Jan 282002

The way I’ve been feeling lately may be familiar to many CSU students. And those of you who don’t know what I’m talking about – just wait.

This being my last semester before I graduate, I’m going through somewhat of a 20-something crisis. I’ve started to feel like a heroin addict – forever chasing the euphoria of my first high.

But for me the high has nothing to do opiates or needles, it has to do with responsibility and maturity, or in laymen’s terms, the “Real World.”

And as I begin to mail out resumes in bulk, add up my student loans and “network” with prospective employers, all I can think about is how great I had it when I was 10. You see, this is the high that I’m chasing.

It was summertime: no school, no job, and no worries. I was wearing my favorite pair of shorts, my T&C Surf T-shirt and my faded St. Louis Cardinal hat; life was great. Our baseball team that summer was the best in the city, and my best friend Matt just moved to a house with a pool. The two girls who lived on both sides of my house would argue over who was going to marry me, but I didn’t care /_” girls were stupid. And best of all, when I would lie down in my bed at night, my mind would not race with stresses of the past, present and future.

But now I’m an adult who has experienced life. I’m a man, a man starting realize the 10-year-old me might have known more than I thought.

When thinking about several of my Real World friends recently – many of whom graduated from CSU /_” it was apparent that they were not all that happy about their post-collegiate life. Many are spending 50 to 70 hours a week in cubicles at “career” jobs that they sought in college. They have bought business suits, condos, Palm Pilots and big-screen TVs. They go to company cocktail parties with their girlfriends and play the market. They also work on Saturdays and don’t laugh enough.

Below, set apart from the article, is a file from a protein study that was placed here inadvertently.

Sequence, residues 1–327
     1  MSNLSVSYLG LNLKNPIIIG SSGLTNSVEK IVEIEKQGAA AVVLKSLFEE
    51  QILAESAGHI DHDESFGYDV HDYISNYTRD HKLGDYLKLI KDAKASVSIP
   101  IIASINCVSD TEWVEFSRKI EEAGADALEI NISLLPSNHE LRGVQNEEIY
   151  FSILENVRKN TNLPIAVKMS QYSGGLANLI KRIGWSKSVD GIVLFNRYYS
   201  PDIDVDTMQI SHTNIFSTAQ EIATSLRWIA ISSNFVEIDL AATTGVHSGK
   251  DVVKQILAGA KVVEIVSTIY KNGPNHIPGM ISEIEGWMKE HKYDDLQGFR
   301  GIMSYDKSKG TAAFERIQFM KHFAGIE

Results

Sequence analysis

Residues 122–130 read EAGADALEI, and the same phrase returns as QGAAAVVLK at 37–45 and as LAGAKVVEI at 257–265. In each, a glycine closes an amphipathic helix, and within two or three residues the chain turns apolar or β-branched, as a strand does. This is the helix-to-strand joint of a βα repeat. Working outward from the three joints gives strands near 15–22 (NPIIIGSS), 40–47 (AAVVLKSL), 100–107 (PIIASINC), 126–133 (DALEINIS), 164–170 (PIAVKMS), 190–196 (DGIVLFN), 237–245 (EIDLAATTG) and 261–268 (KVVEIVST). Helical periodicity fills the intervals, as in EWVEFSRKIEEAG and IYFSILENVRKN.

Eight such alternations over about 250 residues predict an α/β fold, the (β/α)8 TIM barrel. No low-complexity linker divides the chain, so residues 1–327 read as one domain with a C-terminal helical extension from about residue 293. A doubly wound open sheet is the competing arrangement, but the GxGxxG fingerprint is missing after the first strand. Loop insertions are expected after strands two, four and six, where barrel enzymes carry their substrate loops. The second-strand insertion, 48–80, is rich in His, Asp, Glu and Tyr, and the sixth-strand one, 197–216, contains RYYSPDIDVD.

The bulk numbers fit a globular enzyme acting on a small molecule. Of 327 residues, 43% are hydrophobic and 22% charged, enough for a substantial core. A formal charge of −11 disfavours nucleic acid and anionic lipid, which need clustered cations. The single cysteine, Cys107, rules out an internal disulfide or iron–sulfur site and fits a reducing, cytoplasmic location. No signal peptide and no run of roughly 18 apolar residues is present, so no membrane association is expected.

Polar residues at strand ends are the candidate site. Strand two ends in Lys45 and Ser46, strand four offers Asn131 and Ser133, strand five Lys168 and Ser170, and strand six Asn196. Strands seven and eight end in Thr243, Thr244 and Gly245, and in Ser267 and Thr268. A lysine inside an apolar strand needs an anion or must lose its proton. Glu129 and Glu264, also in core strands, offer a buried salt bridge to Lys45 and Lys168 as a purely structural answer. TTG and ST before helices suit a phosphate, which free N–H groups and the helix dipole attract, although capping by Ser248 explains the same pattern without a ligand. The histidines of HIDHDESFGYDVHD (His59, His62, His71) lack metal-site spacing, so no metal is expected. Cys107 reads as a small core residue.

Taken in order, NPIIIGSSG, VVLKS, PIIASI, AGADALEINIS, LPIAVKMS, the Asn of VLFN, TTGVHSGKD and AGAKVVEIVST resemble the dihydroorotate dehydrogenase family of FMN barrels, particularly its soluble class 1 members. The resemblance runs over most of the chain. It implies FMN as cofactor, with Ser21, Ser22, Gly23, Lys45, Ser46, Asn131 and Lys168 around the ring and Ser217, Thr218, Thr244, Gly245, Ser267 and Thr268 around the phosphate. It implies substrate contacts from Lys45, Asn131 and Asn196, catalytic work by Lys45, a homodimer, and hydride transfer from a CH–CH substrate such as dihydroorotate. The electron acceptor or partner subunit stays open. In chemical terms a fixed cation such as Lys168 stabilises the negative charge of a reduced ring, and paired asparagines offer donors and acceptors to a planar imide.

I realize that when I graduate, I too will want to pursue a job enabling me to re-pay my debts and pay monthly bills. But I also wonder what it would be like if I didn’t.

Many Eastern philosophies believe that life is a cycle, and when a person has reached nirvana or enlightenment or whatever, they adopt the mentality of a child again.

I’m not saying I’ve come that far, just that 10-year-old Zeb is slowly becoming my mentor, and he laughs at a lot of the things I worry about.

Lately, sitting in class I’ve had the overwhelming urge to throw a spitwad at the student who is in a heated debate with the teacher about the underlying message in the reading material. I’ve wanted to drive my car through the pedestrian tunnel that runs under College Avenue. I’ve wanted to change my resume to read, “Honestly, I really don’t like to work at all, and definitely not before noon.” I’ve wanted to forget about finding a career in the over-anal and over-stressed journalism profession and become a professional batboy for the Colorado Rockies.

Sure, these thoughts are all immature, irresponsible and irrational, but that’s kind of the point.

Zeb’s column appears in the Collegian every Tuesday, but he’s thinking about taking some vacation time soon. Send comments via e-mail.

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